In Yoga Mind, there’s a chapter on Karuna, which in Sanskrit means compassion. My understanding of Karuna is slightly different: to me, it means compassion married with action.
This could be because of my teachers, who walked the walk as well as talking the talk of Yoga being able to change the world, one person at a time. Or it could be because of the way Integral Yoga was born in a time of great social change—the 1960s, when the Vietnam War was raging, people were protesting in the streets, there was rampant drug use, the Civil Rights movement was fully engaged… (It doesn’t sound that much different than today.) Integral Yoga was formed by people who wanted rights for all, and using Gandhi’s principles of peaceful change, these rights could be fought for in a peaceful manner.
Compassion is a great first step in cultivating peace within ourselves, and within this increasingly turbulent world of ours. Through compassion, we connect with others. And we don’t have to stop there. We can take action to help others, which also has the side benefit of helping us.
Here’s a list of ways we can exercise Karuna, compassion with action. Email me your suggestions at firstname.lastname@example.org, and I’ll add them. Let’s keep this list growing.
- Smile. As the saying goes, “Be kind, for everyone you meet is fighting a hard battle.” When I commute into the city, where subways are crowded and streets are filled with people in a rush, I smile at people every now and then. You can see it lifting their spirits. I know it’s certainly worked when people have done it for me.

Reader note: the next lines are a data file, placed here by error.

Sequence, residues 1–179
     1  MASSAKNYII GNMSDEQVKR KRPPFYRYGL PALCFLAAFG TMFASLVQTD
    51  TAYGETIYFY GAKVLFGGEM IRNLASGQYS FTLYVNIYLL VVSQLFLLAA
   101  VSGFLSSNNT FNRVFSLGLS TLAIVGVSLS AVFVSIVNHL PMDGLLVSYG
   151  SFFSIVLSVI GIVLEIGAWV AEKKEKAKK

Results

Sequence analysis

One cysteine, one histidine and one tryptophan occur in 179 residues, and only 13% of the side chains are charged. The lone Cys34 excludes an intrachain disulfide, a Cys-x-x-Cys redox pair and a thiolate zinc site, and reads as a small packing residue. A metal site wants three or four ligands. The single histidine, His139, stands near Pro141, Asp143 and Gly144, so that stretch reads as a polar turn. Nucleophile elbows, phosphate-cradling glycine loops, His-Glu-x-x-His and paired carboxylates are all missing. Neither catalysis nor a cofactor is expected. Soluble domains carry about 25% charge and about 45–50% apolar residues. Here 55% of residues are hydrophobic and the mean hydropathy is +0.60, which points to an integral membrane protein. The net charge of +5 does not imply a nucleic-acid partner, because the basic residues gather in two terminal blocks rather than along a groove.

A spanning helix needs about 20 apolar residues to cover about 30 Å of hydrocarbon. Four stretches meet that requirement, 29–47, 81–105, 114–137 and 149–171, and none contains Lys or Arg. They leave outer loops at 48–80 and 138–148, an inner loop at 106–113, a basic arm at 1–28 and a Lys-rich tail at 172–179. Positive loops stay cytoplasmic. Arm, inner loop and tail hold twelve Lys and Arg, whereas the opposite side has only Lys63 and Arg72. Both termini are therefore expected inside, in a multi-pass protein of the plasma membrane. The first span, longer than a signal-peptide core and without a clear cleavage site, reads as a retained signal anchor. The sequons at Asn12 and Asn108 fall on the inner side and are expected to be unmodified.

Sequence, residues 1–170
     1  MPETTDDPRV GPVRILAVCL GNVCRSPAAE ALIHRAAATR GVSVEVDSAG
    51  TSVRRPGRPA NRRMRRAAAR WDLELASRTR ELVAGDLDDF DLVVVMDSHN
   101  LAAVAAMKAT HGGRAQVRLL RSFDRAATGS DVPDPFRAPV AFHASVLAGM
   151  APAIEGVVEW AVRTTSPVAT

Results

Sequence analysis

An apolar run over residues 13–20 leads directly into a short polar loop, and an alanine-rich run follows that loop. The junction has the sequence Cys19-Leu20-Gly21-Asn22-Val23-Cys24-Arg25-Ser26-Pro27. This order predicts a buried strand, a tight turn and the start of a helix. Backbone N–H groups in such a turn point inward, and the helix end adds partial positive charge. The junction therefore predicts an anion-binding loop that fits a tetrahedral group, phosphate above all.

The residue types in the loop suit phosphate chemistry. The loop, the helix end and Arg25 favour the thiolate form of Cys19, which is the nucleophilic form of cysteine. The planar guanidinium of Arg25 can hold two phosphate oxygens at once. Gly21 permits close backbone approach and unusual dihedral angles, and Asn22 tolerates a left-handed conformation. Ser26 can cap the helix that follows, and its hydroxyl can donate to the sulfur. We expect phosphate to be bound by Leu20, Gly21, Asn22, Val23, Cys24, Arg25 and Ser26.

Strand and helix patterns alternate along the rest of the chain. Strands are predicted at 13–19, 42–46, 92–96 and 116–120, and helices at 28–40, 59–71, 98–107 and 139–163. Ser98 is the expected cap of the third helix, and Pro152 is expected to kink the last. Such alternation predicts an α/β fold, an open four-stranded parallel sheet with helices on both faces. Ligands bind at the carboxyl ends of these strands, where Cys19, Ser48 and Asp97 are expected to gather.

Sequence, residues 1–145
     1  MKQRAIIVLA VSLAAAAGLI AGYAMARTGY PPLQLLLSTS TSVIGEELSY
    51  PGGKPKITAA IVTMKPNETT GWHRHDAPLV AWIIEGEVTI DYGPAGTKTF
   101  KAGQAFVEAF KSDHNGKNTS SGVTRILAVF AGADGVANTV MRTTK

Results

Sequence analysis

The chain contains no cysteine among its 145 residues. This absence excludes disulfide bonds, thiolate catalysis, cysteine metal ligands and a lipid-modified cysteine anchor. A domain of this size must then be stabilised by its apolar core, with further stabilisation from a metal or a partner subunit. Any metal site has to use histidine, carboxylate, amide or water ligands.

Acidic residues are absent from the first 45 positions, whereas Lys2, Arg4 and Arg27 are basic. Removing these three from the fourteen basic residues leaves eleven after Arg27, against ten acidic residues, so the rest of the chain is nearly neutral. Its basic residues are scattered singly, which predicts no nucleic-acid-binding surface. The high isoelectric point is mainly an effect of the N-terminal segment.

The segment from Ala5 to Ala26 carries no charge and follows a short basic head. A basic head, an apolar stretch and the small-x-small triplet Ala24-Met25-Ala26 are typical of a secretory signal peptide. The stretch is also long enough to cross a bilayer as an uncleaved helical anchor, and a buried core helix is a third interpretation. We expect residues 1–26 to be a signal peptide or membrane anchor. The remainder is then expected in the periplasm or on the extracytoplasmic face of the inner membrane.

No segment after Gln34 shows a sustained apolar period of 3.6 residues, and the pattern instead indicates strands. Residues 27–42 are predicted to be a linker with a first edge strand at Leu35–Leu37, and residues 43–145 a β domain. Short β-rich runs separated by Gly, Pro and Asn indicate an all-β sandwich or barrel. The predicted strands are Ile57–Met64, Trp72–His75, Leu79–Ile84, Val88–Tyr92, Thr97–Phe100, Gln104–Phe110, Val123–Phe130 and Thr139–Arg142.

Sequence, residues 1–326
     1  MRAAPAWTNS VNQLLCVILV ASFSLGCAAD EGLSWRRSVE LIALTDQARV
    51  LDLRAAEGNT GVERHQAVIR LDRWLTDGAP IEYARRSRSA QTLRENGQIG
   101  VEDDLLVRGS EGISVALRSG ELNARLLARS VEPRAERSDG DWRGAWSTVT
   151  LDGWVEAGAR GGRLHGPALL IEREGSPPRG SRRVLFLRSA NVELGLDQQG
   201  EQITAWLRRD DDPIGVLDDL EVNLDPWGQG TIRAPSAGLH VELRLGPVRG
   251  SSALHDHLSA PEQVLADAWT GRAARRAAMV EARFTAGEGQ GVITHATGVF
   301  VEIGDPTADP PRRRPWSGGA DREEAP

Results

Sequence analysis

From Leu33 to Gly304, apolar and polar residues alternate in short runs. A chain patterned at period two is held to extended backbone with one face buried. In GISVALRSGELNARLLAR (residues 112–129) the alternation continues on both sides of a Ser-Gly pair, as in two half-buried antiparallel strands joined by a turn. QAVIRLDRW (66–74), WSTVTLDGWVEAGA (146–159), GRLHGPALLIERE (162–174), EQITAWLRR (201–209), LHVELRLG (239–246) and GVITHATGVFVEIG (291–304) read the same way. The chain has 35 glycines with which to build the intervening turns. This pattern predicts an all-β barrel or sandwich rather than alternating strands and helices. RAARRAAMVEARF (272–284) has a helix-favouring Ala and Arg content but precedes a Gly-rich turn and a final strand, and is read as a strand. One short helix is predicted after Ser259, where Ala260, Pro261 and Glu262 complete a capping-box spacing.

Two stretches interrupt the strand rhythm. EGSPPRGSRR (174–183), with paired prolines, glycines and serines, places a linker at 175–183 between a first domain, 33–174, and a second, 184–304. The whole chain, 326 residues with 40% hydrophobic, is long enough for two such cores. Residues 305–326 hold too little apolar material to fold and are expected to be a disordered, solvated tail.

- Pick one. Go on Facebook and you’ll see dozens of ads prompting you to sign petitions for a cause, send money to save animals/children/the environment, and more and more until you become overwhelmed with the sad state of the world. You don’t have to succumb to overwhelm; just pick one thing. Choose one thing you’re passionate about, like the environment, and send a few bucks. If you’re a knitter, start a knitting circle at your local senior center, or knit chemo hats for those in cancer treatment, or hats for babies in the NICU. Just pick one area, one thing, one action item a day, or even one per week. You matter, your actions matter, and you can make a difference.
- Share your talents. You probably have some amazing skills that could benefit others. Share them. If you bake like a demon, find out if your local soup kitchen accepts donations. If you knit, you can knit for charity through these great organizations. This is a type of Karuna that can be fun—pick something you love doing, and I’ll bet you can find someone who needs whatever it is you do. You’re happy, someone else benefits, the world shifts in the right direction. Huzzah!
- Get specific. After the hurricanes and subsequent flooding in Texas last year, a journalist who’d lost her home said that the friends who were the most helpful were the ones who were most specific in their offers. When asked, “How can I help?” or “What do you need?”, she didn’t know where to begin. She and her family left their home by rowboat with only the clothes they were wearing. When friends got specific, though, saying, “I’ll make you food” and “I have clothes for your daughter,” she was relieved of the burden of thinking. All she had to say was yes. If you have friends in need, get specific with your offers. And if you’re in need, don’t hesitate to tell people what you need.
Have more ideas for Karuna? Email me at email@example.com and I’ll add them to the list.
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